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TOK channels use the two gates in classical K+ channels to achieve outward rectification.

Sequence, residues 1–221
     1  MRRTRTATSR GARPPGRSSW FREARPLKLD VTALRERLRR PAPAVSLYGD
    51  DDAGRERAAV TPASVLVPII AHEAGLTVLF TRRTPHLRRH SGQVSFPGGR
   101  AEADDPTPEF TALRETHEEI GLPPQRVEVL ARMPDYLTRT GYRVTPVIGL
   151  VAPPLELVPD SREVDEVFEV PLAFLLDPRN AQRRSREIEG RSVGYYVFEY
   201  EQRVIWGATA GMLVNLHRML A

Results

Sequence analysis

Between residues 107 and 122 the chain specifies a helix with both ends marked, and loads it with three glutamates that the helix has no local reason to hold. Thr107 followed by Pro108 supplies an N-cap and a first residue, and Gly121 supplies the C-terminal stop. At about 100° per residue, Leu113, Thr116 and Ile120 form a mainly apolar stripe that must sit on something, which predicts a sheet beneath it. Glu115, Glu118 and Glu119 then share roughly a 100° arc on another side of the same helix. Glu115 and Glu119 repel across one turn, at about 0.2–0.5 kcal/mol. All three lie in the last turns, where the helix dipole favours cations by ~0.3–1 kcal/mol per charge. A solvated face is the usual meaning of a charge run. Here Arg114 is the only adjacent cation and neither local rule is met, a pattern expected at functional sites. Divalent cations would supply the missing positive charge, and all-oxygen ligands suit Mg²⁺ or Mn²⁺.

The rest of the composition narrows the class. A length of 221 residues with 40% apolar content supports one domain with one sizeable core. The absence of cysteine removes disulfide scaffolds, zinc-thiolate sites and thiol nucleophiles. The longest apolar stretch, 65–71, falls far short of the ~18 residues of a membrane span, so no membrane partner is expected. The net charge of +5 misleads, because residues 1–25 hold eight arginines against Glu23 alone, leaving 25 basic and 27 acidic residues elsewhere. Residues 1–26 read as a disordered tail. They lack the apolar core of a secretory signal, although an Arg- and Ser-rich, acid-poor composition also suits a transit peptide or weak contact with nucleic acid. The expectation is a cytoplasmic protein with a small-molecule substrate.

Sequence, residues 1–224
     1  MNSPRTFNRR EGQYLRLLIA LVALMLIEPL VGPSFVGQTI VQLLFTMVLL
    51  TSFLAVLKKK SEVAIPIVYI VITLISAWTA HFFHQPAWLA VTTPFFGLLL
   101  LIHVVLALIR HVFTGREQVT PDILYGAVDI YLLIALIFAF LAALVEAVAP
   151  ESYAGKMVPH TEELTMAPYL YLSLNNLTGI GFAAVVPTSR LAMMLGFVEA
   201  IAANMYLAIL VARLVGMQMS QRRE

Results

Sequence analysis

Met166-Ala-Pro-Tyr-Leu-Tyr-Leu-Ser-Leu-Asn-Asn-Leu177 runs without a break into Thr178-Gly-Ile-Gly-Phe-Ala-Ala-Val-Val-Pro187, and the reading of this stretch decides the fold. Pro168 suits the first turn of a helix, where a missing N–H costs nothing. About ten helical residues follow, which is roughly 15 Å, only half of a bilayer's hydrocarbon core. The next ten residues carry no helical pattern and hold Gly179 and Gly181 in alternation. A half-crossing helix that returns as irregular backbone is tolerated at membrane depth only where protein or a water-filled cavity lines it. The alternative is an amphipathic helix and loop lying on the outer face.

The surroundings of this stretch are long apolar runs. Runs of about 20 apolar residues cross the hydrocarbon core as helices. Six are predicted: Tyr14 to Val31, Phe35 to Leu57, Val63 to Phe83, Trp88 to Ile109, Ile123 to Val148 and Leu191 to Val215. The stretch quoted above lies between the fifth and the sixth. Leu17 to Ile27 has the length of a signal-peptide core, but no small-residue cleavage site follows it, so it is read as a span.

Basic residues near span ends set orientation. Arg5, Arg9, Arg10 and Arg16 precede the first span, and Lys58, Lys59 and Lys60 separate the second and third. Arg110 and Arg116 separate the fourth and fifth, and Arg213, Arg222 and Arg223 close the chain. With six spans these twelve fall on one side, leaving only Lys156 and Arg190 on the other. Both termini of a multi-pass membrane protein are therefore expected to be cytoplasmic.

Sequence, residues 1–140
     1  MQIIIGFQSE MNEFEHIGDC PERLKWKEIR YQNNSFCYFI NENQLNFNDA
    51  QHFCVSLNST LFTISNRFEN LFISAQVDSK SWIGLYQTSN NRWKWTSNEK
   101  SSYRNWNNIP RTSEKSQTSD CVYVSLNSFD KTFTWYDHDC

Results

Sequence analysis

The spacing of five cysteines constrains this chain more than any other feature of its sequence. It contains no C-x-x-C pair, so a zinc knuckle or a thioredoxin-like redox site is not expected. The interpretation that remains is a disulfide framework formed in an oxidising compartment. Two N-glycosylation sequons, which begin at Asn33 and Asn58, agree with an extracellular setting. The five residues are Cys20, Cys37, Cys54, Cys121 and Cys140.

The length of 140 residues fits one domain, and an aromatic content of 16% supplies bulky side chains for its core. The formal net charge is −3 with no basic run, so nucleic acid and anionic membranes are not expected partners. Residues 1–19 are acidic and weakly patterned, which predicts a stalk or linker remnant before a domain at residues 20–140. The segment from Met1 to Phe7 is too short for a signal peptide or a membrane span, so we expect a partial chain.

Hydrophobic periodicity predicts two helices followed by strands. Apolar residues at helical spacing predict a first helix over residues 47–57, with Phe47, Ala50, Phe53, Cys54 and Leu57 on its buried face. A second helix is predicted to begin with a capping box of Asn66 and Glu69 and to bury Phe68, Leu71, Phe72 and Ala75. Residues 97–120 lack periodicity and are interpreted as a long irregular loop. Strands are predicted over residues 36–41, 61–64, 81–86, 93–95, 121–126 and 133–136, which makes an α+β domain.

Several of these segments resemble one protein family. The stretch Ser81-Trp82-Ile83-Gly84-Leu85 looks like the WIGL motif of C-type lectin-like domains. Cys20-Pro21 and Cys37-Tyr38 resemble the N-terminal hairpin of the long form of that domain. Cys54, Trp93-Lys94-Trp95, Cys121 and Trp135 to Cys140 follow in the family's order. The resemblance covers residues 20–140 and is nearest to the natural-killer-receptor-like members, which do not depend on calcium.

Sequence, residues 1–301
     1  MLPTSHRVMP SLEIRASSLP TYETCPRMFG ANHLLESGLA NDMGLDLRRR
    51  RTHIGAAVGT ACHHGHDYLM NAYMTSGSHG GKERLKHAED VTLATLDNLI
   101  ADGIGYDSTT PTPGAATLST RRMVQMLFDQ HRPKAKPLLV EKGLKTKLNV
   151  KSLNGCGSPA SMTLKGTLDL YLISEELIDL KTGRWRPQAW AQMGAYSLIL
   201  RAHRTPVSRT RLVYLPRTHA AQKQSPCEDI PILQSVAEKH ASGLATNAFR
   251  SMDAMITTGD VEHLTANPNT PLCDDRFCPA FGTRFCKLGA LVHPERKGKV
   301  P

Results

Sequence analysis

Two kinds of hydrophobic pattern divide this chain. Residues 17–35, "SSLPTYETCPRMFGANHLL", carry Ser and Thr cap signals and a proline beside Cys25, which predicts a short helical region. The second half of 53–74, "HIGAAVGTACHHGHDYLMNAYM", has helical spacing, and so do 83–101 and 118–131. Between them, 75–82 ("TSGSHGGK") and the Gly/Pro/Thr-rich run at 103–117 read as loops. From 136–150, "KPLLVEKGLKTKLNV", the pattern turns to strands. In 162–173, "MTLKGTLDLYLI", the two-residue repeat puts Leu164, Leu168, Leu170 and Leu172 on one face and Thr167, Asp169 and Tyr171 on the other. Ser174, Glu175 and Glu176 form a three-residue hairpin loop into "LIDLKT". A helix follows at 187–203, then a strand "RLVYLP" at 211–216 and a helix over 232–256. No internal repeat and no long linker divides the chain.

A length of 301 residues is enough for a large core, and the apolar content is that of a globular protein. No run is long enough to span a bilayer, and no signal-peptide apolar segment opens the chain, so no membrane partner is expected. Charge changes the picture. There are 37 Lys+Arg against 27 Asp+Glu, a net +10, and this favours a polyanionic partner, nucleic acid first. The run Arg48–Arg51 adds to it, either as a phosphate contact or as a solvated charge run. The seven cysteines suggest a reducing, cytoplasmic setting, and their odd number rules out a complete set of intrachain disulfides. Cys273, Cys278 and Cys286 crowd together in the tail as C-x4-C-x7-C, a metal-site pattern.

TOKs are outwardly rectifying K+ channels in fungi with two pore-loops and eight transmembrane spans. Here, we describe the TOKs from four pathogens that cause the majority of life-threatening fungal infections in humans. These TOKs pass large currents only in the outward direction like the canonical isolate from Saccharomyces cerevisiae (ScTOK), and distinct from other K+ channels. ScTOK, AfTOK1 (Aspergillus fumigatus), and H99TOK (Cryptococcus neoformans grubii) are K+ -selective and pass current above the K+ reversal potential. CaTOK (Candida albicans) and CnTOK (Cryptococcus neoformans neoformans) pass both K+ and Na+ and conduct above a reversal potential reflecting the mixed permeability of their selectivity filter. Mutations in CaTOK and ScTOK at sites homologous to those that open the internal gates in classical K+ channels are shown to produce inward TOK currents. A favored model for outward rectification is proposed whereby the reversal potential determines ion occupancy, and thus, conductivity, of the selectivity filter gate that is coupled to an imperfectly restrictive internal gate, permitting the filter to sample ion concentrations on both sides of the membrane.

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